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Impacts of kinetin implementation on leaves, floral and root-related traits during seed production in hybrid rice under water deficiency



Water deficit is one of the most significant abiotic factors affecting rice and agricultural production worldwide. In hybrid rice, cytoplasmic male sterility (CMS) is an important technique for creating high-yielding crop based on heterosis. The phytohormone kinetin (Kin) regulates cell division in plant during the early stages of grain formation, as well as flow assimilation and osmotic regulation under water stress. The present study performed to estimate the effects of irrigation intervals (irrigation each six days (I6), nine days (I9), twelve days (I12) and fifteen days (I15) against continuous flooding (CF, each three days)) and kinetin exogenously application (control, 15 mg L−1 and 30 mg L−1) on hybrid rice (L1, IR69625A; L2, G46A and R, Giza 178 R) seed production.


Leaves traits (Chlorophyll content (CHC), relative water content (RWC), stomatal conductance (SC), Leaf temperature (LT) and transpiration rate (TR)), floral traits such as style length (SL) and total stigma length (TSL), in addition to root traits (i.e., root length (RL), root volume (RV), root: shoot ratio (RSR), root thickness (RT), root xylem vessels number (RXVN) and root xylem vessel area (RXVA) were evaluated and a significant enhancement in most traits was observed. Applying 30 mg L−1 kinetin significantly and positively enhanced all growth, floral and roots traits (RV and RXVA recorded the most increased values by 14.8% and 23.9%, respectively) under prolonging irrigation intervals, in comparison to non-treated plants.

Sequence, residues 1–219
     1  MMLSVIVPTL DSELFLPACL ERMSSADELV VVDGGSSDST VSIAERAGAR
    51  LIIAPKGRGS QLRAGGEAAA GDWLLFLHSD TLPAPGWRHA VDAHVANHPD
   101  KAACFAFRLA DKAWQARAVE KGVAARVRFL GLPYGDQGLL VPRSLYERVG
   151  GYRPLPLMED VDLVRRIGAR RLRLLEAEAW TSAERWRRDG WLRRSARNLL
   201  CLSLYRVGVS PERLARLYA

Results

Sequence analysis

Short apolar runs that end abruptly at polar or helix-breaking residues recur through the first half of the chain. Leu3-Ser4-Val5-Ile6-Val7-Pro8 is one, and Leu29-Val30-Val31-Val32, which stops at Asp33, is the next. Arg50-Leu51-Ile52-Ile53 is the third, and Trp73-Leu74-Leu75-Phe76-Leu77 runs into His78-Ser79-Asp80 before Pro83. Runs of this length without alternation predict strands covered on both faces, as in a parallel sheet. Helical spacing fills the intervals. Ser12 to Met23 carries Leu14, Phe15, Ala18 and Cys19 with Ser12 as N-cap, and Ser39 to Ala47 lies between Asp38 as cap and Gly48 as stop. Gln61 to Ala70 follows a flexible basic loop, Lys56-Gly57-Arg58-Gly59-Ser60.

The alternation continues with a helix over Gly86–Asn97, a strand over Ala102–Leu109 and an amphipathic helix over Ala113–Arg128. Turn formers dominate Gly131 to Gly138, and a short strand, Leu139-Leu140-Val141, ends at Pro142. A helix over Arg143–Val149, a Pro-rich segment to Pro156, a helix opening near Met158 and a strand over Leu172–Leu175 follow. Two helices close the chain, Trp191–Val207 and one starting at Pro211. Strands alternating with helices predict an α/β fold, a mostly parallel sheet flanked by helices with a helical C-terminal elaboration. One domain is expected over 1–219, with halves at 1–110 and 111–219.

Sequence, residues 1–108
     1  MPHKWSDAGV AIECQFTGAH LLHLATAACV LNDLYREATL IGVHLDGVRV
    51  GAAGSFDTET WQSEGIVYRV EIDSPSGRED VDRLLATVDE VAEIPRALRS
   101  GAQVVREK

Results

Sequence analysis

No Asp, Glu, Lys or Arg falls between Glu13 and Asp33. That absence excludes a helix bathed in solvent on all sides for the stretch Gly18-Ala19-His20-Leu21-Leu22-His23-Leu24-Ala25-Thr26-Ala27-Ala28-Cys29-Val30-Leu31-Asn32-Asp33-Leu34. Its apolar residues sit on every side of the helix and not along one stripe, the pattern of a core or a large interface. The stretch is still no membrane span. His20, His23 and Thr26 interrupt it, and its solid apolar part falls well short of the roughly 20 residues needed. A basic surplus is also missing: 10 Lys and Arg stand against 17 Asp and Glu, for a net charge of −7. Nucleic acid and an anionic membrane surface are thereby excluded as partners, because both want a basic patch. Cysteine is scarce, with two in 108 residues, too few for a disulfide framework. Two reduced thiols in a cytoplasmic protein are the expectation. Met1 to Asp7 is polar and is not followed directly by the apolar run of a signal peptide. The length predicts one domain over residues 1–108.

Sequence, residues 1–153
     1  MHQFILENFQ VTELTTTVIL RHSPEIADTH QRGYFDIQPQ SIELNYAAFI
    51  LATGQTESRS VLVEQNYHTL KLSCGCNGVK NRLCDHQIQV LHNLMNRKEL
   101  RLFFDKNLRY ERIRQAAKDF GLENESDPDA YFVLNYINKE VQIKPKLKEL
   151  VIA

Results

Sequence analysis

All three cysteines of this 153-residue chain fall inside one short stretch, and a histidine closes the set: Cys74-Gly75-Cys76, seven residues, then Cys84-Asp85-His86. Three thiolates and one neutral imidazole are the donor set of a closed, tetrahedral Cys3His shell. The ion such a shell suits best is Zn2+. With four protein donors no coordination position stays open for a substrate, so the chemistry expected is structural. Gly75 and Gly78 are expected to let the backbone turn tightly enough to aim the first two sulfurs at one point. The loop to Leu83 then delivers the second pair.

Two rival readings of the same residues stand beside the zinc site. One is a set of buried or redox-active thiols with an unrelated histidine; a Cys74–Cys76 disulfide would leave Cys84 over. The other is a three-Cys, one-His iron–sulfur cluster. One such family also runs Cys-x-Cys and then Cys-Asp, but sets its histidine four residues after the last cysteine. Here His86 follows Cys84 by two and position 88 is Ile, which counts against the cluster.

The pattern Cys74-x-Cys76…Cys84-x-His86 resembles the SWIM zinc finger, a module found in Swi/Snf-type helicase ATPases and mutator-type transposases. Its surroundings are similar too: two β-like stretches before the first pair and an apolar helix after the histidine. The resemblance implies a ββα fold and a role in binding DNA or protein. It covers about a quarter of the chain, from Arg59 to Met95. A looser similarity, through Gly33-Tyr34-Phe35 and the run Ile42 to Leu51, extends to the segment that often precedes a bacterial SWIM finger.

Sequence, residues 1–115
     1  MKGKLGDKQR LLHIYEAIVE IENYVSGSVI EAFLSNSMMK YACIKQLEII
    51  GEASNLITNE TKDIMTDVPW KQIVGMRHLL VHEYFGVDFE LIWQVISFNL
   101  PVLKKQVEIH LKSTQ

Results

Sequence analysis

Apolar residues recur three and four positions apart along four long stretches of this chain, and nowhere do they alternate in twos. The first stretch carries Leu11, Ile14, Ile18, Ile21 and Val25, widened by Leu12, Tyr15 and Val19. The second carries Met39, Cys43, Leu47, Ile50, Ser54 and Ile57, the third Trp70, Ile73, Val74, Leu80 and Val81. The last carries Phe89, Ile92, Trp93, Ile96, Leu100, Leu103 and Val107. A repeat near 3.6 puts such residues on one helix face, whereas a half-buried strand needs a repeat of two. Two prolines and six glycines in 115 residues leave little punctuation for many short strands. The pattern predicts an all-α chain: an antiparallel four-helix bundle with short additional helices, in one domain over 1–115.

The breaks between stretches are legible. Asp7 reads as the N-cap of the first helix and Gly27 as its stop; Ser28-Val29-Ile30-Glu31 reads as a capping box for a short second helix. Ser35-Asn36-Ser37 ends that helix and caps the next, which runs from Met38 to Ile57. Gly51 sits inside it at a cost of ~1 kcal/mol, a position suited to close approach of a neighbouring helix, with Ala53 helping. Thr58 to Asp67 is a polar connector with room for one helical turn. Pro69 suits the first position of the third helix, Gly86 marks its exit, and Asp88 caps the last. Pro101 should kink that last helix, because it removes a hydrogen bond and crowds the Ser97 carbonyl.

Subsequently, spraying kinetin exogenously on foliar could be an alternative method to reduce the harmful influences of water deficiency during seed production in hybrid rice.

Peer Review reports


Rice is highly sensitive to water shortage and climate change particularly in response to extended water deficit periods and temperature increases. Rice (Oryza sativa L.) considers one of the most important cereal crop for humans, providing 20% of the world's calorie needs and 13% of its protein requirements [1]. Rice not only provides the majority of energy, but it also contains protein, vitamins, and other nutrients [2]. It is a semi-aquatic crop plant that needs a lot of water to grow and develop properly. During the summer, it takes up to 22% of Egypt's planted area [3]. Hybrid rice produces 20–30% more than traditional rice varieties which considers a priority in food security for many people around the world. There are several constraints that limit the hybrid rice production, i.e., lack of acceptability in some regions, higher seed production cost, limitation of participating the public sector corporations in seed production and lack of heterosis with higher level. Efficient of seed production is a major requirement and determine the success and sustainability of hybrid rice production. Furthermore, Egypt is regarded as one of the first countries to introduce hybrid rice technology [4, 5].

Water deficit (drought) has an injurious effect on crop production, environment and economy. Drought combining with climate change has affected many regions around the world that will affect negatively on crop production and global food security [6]. These obstacles decrease the cultivation area and subsequently the future global production [7]. Water scarcity affects plant development and productivity in general by causing morphological, biochemical, and physiological alterations in crops. Plants that are significantly stressed by drought eventually die because photosynthesis and metabolism are substantially interrupted [8,9,10,11]. Furthermore, water shortage inhibits cell enlargement and plant growth that will influence physiological processes, including photosynthesis, respiration, ion uptake, carbohydrate and nutrient metabolism [8, 9]. Water deficit decreases water uptake and seedling vigour throughout the germination stage. At the cell level, drought disrupts the metabolic process, reduces ATP synthesis, and inhibits water balance, resulting in poor seed germination [12,13,14].